Yes, I Homeschool

September 7, 2011 by  
Filed under Humor, Stories

By Jodi Whisenhunt –

I homeschool. OK, that’s not the funny part of this column. Then again, maybe it is!

I’ve been at this task since 2000, so you can say I’m no newbie. We’ve done many silly things in the name of learning. We’ve studied entomology while pulling weeds from the garden. We’ve made breadstick numbers to go with dinner. We’ve learned about the water cycle when filling the pool (again). But I never cease to be amazed at the crazy ways people object to what we do.

  • “Your kids won’t know how to socialize.”
  • “You kids will miss out on proms, football games, and dating.”
  • “Your kids won’t know how to stand in line.”
  • “Your kids won’t know to raise their hand to speak.”
  • “Your kids will be with you all day long.”

My children have never had trouble making friends or maintaining friendships. They hang out with kids of varying ages, even with some who go to regular school. Weird, huh?

My teen has attended Homecoming. There are area homeschool proms. We have several large athletic organizations where we live. In fact, the HSAA (Home School Athletic Association) Dallas Angels Varsity baseball team won the national Home School World Series this past spring!

Dating varies by family, of course, but my son does have an active social life. He is also a leader in his church youth group and writes his own devotional blog for teens, with some posts directed specifically at dating and relationship topics.

I’m really not sure the relevance of learning to stand in line or to raise your hand to speak, but I’m pretty confident that if my kids were in a situation that required either of those activities, they’d be able to follow the rules.

Now, as for my kids being with me all day long…why is that a bad thing? A well-meaning neighbor whose kids attend public school (and who thinks summer break is excruciatingly long) told me, “I don’t know how you homeschool and stay home with your kids 24/7!” One time all three of my children caught swine flu on a week we were to have a family gathering. When I called to cancel plans with my sister-in-law, whose kids attend private school, she said, “It’s weird how y’all caught that. You homeschool!”

Um, we do leave the house. We do go out into the world. We do take classes. We attend coops, museums, performances. We—gasp—grocery shop! We even eat out and vacation too. Some of that is done together, and yes, some is done apart. We look upon the time we have together as priceless, precious moments. My husband and I choose to be the ones to guide our children into adulthood, to be the ones responsible for their upbringing. We choose to fulfill our God-given duty to “train a child in the way he should go.” And we also choose to continue to walk this path as long as the Lord allows.

As for me and my house, we will serve the Lord. And this is how.

About Jodi Whisenhunt

Jodi Whisenhunt is a Christian wife, mom, homeschooler, writer, editor, kid taxi, very tired person who is blessed with Rheumatoid Arthritis. She is an Amy Writing Award recipient and the Senior Content Editor of The Christian Pulse. Her highly acclaimed Magical Mouse Schoolhouse (http://www.magicalmouseschoolhouse.com) shows kids how to learn while they play when Disney IS school.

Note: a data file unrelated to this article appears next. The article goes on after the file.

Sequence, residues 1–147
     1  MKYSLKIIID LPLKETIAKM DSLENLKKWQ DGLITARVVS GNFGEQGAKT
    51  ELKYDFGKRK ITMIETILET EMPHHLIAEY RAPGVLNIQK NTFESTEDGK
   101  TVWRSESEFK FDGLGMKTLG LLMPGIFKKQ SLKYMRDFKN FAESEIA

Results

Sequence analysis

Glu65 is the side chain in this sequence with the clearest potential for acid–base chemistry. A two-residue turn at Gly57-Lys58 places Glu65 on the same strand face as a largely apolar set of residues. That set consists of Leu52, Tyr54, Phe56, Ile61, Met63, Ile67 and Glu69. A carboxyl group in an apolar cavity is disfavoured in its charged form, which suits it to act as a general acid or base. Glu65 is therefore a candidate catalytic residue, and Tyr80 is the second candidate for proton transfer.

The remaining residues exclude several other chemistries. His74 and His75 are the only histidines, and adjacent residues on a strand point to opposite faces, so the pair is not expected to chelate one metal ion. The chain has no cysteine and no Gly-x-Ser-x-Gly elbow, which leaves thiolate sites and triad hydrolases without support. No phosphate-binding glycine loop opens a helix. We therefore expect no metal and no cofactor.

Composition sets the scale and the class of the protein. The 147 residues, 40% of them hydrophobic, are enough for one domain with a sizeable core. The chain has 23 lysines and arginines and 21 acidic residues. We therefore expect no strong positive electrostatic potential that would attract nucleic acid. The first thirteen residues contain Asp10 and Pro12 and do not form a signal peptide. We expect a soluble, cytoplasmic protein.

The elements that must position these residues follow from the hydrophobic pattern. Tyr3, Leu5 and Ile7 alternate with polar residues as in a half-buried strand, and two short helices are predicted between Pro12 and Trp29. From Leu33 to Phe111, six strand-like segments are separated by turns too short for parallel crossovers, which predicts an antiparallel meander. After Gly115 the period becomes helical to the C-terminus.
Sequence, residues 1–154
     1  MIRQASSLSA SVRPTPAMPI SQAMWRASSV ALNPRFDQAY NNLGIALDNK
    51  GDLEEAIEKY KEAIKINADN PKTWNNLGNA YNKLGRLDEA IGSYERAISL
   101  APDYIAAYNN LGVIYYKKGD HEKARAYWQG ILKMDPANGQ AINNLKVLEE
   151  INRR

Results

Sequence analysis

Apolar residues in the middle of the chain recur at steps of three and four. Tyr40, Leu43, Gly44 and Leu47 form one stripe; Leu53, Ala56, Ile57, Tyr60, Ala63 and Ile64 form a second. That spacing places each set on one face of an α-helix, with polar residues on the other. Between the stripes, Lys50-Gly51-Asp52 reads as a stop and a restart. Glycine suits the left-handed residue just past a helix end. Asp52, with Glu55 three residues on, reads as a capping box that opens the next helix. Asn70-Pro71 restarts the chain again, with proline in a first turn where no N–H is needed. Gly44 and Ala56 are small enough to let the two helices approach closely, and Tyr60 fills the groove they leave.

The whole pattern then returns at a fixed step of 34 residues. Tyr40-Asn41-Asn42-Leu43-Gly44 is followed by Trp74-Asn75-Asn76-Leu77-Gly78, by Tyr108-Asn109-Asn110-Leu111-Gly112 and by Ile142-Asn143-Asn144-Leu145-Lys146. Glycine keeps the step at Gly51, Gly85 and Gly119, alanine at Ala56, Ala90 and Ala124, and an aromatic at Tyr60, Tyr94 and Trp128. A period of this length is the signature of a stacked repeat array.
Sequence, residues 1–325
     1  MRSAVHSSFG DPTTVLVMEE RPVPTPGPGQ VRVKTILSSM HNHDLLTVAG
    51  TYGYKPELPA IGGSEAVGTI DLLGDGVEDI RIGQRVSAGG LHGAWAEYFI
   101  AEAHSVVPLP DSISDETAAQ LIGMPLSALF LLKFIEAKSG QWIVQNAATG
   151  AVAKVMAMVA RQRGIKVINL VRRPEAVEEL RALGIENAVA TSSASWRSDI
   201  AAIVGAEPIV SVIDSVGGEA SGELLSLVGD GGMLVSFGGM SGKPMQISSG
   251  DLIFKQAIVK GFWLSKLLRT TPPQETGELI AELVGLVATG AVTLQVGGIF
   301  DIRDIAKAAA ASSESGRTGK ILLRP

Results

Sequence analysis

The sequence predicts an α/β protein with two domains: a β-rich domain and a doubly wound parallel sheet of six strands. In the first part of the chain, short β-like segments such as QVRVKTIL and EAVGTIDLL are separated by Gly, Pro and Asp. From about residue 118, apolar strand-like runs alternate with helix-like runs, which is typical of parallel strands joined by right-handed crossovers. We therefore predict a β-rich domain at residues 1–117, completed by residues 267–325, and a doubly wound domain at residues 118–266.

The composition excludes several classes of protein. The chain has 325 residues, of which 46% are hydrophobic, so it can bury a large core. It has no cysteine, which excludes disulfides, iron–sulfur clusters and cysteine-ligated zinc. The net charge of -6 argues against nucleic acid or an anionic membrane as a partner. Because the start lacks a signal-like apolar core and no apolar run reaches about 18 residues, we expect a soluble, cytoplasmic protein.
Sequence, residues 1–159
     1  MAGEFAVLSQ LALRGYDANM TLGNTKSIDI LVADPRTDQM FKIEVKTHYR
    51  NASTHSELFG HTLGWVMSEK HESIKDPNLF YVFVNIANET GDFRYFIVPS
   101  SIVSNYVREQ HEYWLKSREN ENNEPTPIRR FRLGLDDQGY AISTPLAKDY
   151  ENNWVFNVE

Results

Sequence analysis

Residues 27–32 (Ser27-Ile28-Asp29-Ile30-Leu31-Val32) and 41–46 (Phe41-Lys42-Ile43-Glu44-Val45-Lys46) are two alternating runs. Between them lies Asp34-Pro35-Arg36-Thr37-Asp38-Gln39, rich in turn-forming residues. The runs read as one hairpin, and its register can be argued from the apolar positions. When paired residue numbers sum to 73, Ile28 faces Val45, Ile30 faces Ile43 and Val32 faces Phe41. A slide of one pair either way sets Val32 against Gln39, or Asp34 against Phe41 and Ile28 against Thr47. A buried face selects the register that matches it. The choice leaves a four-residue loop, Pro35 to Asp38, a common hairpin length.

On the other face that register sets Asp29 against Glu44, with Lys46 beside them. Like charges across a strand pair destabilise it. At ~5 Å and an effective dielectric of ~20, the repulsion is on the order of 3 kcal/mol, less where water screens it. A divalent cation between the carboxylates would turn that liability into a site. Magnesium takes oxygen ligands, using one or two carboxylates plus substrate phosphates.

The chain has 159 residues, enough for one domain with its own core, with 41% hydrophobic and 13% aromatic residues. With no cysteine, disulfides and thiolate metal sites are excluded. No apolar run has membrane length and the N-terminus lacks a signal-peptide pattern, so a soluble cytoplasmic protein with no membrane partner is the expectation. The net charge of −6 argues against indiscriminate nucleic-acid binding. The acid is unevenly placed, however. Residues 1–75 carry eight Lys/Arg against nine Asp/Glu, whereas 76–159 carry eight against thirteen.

Comments

6 Responses to “Yes, I Homeschool”
  1. From one homeschooler to another–Amen, sister!!!!

  2. Hally Franz says:

    As a counselor in the public school system, I occasionally enrolled students who had been home-schooled previously. I found there were some that hadn’t had good homeschool experiences, but many homeschooling parents did a fabulous job. Those children were often quite social,had great interpersonal skills and were quite bright. I admire those parents that are doing it well.

  3. Dianne says:

    Amazing the cliches some people believe. It is quite funny!

  4. Tara says:

    Well said, Jodi!

  5. “Your kids won’t know how to stand in line.” Um….send them to Target? A sporting event? A county fair?

    Some arguments against homeschooling are extraordinarily silly, aren’t they. But the funniest thing about this argument is that homeschooled kids learn SO much during the time they are not standing in lines!

    My son went to public school, home school, international school, then public school again with a gifted education program. But when he transitioned from 3rd at the public school to 4th at home, I did a little experiment.

    I borrowed the 4th grade books from the public school (after all, my taxes helped pay for them) and added some Christian curriculum. Silly me, I thought the public school would get through all the books by the end of the year, so we pushed for that. We got through them all, including extended learning activities, in 6 months and about 4 hours a day. We then added computer keyboarding, musical keyboarding, and world studies. We traveled to museums and concerts. He was involved in drama and sports, and playing with other kids after school like every other boy.

    We found out from his previous classmates that they never finished any of the textbooks. I know other extended learning was going on. But my son thought it was because standing in lines (in preparation for recess, lunch, music, PE, etc.) took up a whole lot of time!

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